Recently I’ve been mulling over how to make sure I don’t let this blog fall back into the doldrums. I’m going to be posting some updates about the model of Dunvegan as it develops, but that’ll be planning focussed for some time until I start on the boards. I’ve a few other content ideas that will become apparent as they arrive on here.
So, one thing that I’ve spotted on my friend Chris’s blog is the idea of ‘Wordless Wednesdays’. So I’m going to crib that idea for here, but use it to share railway/modelling related videos I’ve found and enjoyed on YouTube.
First up, the Harz narrow gauge in Germany. Get a cuppa (or several as its a long one) and enjoy!
So, the last post alluded to new things coming…
Well, I’ve mentioned why I ended up not retaining my model of the station at Isle Ornsay for as long as I’d have liked. So, having moved house it was sensible to try and build something of a more manageable size for several reasons:
- To make it future proof against any further house moves in the future
- Being smaller will mean I can focus on higher quality results in a smaller space
- A smaller layout will be more simple to transport in a single car. This one is really important if I am ever to fulfil my wish to exhibit a representation of the Hebridean Light Railway on the Isle of Skye, and hopefully in many other locations if the invites come.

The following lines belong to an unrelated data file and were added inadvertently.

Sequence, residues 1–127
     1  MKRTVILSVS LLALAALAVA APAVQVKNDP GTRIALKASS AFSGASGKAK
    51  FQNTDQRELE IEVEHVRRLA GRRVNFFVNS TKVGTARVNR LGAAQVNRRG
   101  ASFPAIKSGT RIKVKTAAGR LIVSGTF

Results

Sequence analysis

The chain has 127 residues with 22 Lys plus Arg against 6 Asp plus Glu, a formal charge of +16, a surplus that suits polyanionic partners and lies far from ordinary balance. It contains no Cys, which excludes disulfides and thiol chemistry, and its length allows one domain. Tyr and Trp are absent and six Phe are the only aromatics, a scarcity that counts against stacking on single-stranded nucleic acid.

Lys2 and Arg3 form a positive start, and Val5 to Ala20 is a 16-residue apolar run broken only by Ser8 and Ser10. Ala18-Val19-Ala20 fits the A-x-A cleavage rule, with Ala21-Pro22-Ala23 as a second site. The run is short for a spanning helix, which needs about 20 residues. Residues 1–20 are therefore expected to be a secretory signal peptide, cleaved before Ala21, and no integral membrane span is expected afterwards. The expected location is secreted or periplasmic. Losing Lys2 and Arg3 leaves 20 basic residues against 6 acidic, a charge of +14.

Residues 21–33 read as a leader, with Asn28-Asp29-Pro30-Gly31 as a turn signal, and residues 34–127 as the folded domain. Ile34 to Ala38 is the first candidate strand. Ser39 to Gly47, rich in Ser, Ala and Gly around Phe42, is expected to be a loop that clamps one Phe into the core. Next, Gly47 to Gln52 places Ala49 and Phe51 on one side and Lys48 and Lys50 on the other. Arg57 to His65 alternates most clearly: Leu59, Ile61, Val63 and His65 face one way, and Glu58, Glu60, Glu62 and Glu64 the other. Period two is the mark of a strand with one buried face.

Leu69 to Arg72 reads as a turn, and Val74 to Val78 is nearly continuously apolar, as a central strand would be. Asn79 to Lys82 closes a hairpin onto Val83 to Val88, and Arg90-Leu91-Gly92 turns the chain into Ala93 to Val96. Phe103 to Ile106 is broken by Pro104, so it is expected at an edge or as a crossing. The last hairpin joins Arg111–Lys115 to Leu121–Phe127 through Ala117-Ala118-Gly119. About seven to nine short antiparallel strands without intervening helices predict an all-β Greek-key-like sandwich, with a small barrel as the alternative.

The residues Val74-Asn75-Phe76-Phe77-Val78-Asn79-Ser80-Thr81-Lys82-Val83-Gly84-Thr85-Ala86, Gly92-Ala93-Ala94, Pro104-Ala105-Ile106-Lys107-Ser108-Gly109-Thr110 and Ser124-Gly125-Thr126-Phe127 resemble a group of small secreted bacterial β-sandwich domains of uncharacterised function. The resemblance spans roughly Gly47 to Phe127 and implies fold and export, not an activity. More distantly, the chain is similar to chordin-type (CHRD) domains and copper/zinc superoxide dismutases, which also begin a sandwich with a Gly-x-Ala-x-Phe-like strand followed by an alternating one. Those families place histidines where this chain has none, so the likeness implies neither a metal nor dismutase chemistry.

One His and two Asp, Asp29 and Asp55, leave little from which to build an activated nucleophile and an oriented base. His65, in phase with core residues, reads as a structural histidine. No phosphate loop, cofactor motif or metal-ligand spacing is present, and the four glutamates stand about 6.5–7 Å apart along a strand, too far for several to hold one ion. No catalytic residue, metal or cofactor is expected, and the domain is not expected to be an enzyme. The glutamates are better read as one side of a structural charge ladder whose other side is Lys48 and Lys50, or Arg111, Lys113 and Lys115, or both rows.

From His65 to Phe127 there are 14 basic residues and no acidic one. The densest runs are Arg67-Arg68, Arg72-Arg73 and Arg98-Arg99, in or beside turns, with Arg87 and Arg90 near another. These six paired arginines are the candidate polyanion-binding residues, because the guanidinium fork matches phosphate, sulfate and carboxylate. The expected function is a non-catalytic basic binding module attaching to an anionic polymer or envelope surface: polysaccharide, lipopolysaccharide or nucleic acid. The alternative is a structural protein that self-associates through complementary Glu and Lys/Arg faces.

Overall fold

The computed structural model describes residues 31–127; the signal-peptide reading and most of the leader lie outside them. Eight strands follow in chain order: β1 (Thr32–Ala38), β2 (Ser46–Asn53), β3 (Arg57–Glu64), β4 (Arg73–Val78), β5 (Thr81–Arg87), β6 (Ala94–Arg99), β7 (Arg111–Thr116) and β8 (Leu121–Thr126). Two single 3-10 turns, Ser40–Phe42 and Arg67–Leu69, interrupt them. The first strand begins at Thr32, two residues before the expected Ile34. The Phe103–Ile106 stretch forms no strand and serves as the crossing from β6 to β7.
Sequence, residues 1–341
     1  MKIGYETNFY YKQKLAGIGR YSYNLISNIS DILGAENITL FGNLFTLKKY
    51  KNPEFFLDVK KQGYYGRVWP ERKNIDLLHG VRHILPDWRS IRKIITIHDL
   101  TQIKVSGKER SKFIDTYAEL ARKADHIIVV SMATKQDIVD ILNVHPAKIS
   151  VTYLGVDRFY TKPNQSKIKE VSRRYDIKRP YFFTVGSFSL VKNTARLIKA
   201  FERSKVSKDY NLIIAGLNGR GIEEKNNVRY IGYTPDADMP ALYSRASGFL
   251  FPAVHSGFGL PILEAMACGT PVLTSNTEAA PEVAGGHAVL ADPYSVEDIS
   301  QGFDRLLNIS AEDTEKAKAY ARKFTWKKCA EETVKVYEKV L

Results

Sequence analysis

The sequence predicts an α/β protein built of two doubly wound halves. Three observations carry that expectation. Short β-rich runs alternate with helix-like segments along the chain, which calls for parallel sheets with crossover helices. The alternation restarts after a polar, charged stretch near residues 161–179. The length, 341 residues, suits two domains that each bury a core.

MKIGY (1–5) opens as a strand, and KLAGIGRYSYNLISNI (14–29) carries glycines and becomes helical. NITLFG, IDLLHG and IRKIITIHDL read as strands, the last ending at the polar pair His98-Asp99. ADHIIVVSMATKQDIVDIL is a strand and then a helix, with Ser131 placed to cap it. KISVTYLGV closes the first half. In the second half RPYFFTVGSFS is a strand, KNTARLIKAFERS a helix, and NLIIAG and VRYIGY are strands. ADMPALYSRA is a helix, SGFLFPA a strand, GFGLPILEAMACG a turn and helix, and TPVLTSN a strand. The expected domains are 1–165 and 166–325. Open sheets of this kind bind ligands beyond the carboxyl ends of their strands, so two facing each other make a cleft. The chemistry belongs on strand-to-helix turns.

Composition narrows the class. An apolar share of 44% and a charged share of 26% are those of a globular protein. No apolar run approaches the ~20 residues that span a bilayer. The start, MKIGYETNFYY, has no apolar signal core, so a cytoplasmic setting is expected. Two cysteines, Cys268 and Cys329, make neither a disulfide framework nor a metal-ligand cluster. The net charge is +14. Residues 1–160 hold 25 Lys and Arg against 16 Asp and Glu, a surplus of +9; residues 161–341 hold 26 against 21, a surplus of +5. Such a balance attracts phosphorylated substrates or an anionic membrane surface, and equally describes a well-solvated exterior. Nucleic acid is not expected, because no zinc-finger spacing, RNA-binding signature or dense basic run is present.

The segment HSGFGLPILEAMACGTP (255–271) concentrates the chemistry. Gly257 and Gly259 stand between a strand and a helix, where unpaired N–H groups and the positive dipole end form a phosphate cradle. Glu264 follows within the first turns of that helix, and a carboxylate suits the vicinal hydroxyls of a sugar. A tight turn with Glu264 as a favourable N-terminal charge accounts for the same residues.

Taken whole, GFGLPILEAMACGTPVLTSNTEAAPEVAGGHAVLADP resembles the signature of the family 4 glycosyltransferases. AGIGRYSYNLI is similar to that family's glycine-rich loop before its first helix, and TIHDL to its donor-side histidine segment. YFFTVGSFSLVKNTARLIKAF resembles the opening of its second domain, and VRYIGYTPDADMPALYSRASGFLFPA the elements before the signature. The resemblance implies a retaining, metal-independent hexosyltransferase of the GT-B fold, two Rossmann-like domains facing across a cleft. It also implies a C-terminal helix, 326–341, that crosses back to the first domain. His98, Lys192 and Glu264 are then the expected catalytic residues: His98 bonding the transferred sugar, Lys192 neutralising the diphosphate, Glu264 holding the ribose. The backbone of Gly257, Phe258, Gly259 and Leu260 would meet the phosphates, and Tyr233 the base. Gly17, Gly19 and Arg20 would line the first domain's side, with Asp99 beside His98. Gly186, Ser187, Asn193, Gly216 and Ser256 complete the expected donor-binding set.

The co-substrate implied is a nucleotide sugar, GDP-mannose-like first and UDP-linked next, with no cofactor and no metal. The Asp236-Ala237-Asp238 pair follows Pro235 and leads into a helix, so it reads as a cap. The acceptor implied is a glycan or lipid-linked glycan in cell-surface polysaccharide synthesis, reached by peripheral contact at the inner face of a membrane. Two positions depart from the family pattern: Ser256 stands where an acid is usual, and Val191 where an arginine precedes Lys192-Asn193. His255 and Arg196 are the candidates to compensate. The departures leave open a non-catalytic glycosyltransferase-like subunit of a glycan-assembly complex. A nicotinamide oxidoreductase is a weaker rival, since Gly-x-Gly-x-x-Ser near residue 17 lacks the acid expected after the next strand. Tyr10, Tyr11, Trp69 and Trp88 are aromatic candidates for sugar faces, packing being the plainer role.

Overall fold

This led me to looking at the Dunvegan branch – I say branch, if it were built it would have been a railway of some 24 miles in length – longer than many narrow gauge lines that were built in the UK by some margin. The survey drawing for the terminus location of Railway number 2 of the HLR proposal at Dunvegan throws up some real potential to create something atmospheric and meet the thoughts above for a different approach.
The following photos describe the process i’ve gone through to find the drawing, relate it to an OS map from 1902 to work out the potential content and aesthetics of a new layout, then the aerial photos to see how it might look, and finally a mock up in our spare room using foamboard and printed track templates.
So that’s as far as i’ve gotten with translating the plans to something buildable. I’m rather pleased with the result thus far.
The project is alive again, i’m getting increasingly excited about the prospect of building a new layout now i have a dedicated space again, and am enthused about this plan and some new techniques i could try out.
My next job is to work out how to tackle the baseboards so that they’re robust yet not too heavy. I have a plan, and have been giving it a lot of thought. I’ll describe my thinking on that side of things next time.